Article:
Study redraws family tree of birds


The largest-ever study of bird genetics has rewritten avian taxonomy. The work is published in this week's issue of Science.

Study redraws family tree of birds

Study redraws family tree of birds

June 26, 2008

The largest-ever study of bird genetics has rewritten avian taxonomy. The work is published in this week’s issue of Science

The research, based on genetic analysis of 169 bird species over the course of five years, produced some unexpected conclusions about relationships in the bird family tree. The relevations will prompt scientists to change the Latin names of dozens of bird species.

“With this study, we learned two major things,” said Sushma Reddy, one of the lead authors of the study and a researcher at The Field Museum in Chicago. “First, appearances can be deceiving. Birds that look or act similar are not necessarily related. Second, much of bird classification and conventional wisdom on the evolutionary relationships of birds is wrong.”

“This paper makes tremendous strides toward determining the evolutionary relationships of the major branches in the bird family tree,” added co-author Chris Witt of the University of New Mexico. “It uses DNA sequences to infer key events in the diversification of birds that happened tens of millions of years ago.”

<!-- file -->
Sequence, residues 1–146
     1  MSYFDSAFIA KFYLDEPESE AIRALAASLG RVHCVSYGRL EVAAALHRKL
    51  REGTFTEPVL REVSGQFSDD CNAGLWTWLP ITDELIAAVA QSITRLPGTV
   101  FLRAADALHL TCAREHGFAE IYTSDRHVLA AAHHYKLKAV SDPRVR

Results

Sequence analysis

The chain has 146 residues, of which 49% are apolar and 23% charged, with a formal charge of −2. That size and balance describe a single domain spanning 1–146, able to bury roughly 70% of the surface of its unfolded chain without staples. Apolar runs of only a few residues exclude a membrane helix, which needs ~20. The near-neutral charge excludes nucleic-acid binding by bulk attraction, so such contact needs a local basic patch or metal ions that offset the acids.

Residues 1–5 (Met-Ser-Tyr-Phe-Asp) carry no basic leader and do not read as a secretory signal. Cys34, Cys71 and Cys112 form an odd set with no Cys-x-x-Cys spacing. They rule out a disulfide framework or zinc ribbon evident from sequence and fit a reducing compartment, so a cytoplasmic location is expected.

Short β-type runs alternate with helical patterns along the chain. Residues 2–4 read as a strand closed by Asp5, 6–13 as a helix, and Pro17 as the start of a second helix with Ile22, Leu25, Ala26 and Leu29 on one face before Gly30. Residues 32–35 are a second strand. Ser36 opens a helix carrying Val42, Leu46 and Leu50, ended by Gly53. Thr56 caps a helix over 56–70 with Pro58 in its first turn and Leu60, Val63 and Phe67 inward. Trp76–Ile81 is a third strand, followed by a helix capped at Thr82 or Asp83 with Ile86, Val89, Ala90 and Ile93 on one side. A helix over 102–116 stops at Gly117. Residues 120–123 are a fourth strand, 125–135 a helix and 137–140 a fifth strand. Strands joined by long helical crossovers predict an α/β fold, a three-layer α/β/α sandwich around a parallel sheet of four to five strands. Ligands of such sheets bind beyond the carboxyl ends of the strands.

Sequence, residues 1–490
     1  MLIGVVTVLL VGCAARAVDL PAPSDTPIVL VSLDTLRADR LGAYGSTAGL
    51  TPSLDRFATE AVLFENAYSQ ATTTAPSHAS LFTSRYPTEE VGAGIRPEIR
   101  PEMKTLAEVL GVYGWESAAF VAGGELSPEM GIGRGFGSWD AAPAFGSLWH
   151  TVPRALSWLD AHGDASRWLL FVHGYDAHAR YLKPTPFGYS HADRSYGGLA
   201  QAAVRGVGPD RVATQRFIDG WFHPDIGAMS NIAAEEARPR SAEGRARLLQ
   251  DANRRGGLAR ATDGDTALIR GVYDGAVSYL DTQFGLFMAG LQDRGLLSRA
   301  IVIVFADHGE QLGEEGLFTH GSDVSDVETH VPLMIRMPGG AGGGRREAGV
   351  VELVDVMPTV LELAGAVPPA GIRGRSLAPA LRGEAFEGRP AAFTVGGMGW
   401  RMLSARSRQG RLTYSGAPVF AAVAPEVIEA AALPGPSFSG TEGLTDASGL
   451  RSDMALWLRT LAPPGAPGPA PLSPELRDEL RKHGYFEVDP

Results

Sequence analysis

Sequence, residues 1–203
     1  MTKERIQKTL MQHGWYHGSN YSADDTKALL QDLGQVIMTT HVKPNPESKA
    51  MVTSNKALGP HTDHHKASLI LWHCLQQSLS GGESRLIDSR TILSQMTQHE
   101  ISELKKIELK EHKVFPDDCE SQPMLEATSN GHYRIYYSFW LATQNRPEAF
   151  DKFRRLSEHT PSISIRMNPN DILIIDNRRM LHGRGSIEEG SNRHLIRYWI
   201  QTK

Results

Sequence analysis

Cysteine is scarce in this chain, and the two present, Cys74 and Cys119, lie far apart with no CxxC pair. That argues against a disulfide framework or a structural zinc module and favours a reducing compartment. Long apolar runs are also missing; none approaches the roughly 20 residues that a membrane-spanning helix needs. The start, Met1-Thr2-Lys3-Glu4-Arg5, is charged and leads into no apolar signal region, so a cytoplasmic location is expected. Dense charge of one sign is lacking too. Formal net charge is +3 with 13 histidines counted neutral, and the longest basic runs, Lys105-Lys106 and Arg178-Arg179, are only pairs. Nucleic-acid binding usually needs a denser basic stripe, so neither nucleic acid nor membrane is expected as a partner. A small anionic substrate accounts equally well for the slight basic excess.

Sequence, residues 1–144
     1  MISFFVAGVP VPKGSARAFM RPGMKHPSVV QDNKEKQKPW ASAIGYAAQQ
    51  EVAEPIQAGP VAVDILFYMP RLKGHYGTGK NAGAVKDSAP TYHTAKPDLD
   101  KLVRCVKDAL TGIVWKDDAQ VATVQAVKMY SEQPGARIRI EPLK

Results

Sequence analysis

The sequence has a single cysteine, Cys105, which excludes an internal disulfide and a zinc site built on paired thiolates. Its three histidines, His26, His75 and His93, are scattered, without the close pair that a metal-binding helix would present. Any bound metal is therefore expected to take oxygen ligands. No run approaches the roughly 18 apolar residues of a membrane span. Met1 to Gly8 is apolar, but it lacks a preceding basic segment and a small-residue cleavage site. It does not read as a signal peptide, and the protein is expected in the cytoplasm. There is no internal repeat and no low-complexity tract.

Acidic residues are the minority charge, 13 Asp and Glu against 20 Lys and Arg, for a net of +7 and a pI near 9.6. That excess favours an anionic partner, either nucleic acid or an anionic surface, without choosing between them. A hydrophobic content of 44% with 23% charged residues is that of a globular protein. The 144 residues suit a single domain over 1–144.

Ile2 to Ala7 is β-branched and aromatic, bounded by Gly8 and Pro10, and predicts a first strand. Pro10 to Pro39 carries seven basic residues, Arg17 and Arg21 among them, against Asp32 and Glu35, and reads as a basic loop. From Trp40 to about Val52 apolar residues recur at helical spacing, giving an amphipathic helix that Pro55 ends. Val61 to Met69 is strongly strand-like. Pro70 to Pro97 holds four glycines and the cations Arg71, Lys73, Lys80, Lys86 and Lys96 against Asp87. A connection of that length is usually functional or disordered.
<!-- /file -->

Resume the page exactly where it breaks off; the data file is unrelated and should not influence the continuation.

Gray-winged Trumpeters (Psophia crepitans) in the Amazon

Among the findings from the Early Bird Project: colorful, daytime hummingbirds evolved from drab nocturnal nightjars; falcons are not closely related to hawks and eagles; and tropicbirds (white, swift-flying ocean birds) are not closely related to pelicans and other waterbirds.

The research also undermines the theory that shorebirds gave rise to all modern birds and shows that birds have adapted to the diverse environments several distinct times.

Birds have a complex evolutionary history due to a rapid radiation that occurred over a few-million-year period sometime between 65 million and 100 million years ago.

“The result of this rapid divergence early in the evolutionary history of birds is the fact that many groups of similar-looking birds (for example, owls, parrots and doves) have few, if any, living intermediary forms linking them to other well-defined groups of birds,” explained a statement from The Field Museum. “This makes it very difficult to determine how some of these groups are evolutionarily related.”

The researchers say the new study will help explain this history.

“We now have a robust evolutionary tree from which to study the evolution of birds and all their interesting features that have fascinated so many scientists and amateurs for centuries,” Reddy said. “Birds exhibit substantial diversity (largest of the tetrapod groups), and using this ‘family tree’ we can begin to understand how this diversity originated as well as how different bird groups are interrelated.”

S.J. Hackett et al. (2008). A Phylogenomic Study of Birds Reveals Their Evolutionary History. Science 27 June 2008.

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